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Newsletter

February 2020

Volume 10, Issue 2

A Newsletter of the Blue Mountain Community Library


Join us on Wednesday, FEBRUARY 19, 2020

11am – 7 pm

CAFÉ ON BROADWAY

21 S. Broadway

Wind Gap

Call 610 881 4261

to place your order

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Adult volunteers are needed, especially for evening shifts (6-8PM) and Saturday morning shifts (10AM-noon). Please consider volunteering your time.

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Food Drive!

JANUARY 20 – FEBRUARY 29

We are collecting non-perishable items which will be given to St. Elizabeth’s Ministry.

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Preschool Storytime

Wednesday mornings @ 10:30am

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Thank you to all who were part of the MLK Indoor Carnival.

A special thanks to the following Junior Volunteers: Elizabeth Minnich, Brianna Salamone and Sydney Schreck for volunteering their time on a school vacation day.

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The next board meeting will be February 19 at 6:30 PM. The public is welcome to attend.

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Thank you to all who purchased items at our January semi-annual Book Nook sale

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Save The Date!

Our 5th Annual

AUTHOR LUNCHEON

Featuring

KAREN KATCHUR

Thursday, April 30, 2020

Tickets are $12.00 and will be available beginning March 16th

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Adult book discussion group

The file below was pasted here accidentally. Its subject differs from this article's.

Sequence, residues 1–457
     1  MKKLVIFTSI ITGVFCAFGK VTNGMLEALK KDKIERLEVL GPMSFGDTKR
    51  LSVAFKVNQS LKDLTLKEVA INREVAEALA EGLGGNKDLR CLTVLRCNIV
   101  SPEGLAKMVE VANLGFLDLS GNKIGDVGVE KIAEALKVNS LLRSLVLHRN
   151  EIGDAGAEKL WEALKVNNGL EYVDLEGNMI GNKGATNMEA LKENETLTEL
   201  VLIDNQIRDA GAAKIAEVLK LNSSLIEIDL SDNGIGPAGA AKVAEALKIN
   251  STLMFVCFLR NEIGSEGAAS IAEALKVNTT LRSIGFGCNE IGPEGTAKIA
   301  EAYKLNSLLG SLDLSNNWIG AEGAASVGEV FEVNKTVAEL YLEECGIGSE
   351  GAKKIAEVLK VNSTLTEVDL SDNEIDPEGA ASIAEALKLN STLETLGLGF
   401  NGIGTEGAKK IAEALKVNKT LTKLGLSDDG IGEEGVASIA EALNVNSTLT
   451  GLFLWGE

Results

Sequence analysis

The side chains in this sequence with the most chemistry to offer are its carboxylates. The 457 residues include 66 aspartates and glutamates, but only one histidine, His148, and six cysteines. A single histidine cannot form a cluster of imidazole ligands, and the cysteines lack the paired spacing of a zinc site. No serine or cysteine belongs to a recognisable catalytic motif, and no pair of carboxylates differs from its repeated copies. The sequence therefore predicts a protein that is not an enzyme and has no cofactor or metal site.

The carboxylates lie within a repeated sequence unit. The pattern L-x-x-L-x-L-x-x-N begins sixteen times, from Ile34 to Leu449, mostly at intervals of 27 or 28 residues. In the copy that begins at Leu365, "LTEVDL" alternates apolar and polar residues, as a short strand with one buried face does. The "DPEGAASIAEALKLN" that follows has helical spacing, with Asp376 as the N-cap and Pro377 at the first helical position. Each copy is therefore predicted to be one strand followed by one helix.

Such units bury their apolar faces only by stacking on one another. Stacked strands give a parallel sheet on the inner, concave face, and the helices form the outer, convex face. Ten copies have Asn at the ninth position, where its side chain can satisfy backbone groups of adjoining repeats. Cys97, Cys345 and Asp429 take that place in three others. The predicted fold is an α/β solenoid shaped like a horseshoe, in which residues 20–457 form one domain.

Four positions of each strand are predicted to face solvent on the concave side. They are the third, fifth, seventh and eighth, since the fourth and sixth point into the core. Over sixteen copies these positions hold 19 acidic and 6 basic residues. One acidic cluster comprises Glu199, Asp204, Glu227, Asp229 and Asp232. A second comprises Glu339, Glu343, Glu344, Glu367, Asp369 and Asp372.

February 18, 6:30PM – Next Year in Havana by Chanel Cleeton

March 17, 6:30 PM – Cold Woods by Karen Katchur

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BMCL’s Top Ten for 2019:

Adult Fiction:

1. Where the Crawdads Sing, Delia Owens

2. River Bodies, Karen Katchur

3. The Subway Girls, Susie Orman Schnall

4. The Cemetery Keepers Wife, Maryann McFadden

5. Redemption, David Baldacci

6. The Reckoning, John Grisham

7. Look Alive Twenty-Five, Janet Evanovich

8. Nine Perfect Strangers, Liane Moriarty

9. Summer of ’69, Elin Hilderbrand

10. Someone Knows, Lisa Scottoline

Adult Non-fiction:

1. Educated, Tara Westover

2. Becoming, Michelle Obama

3. Girl, Wash Your Face, Rachel Hollis

4. The Pioneers, David McCullough

5. The First Conspiracy, Brad Meltzer

6. Grateful American, Gary Sinise

7. The Unknowns, Patrick O’Donnell

8. From Scratch, Tembi Locke

9. How to Forget, Kate Mulgrew

10. Leadership: In Turbulent Times, Doris Kearns Goodwin

Large Print:

1. The View From Alameda Island, Robyn Carr

2. The Tinderbox, Beverly Lewis

3. The Road Home, Richard Paul Evans

4. Target: Alex Cross, James Patterson

5. Secrets at Cedar Cabin, Colleen Coble

6. On Magnolia Lane, Denise Hunter

7. Year One, Nora Roberts

8. A Spark of Light, Jodi Picoult

9. You Don’t Own Me, Mary Higgins Clark

10. When We Were Young, Karen Kingsbury

The Library Manager’s Top Ten Picks for 2019:

1) The Better Sister, Alafair Burke – Fiction

2) The Ones We Choose, Julie A. Clark – Fiction

3) A Woman Is No Man, Etaf Rum – Fiction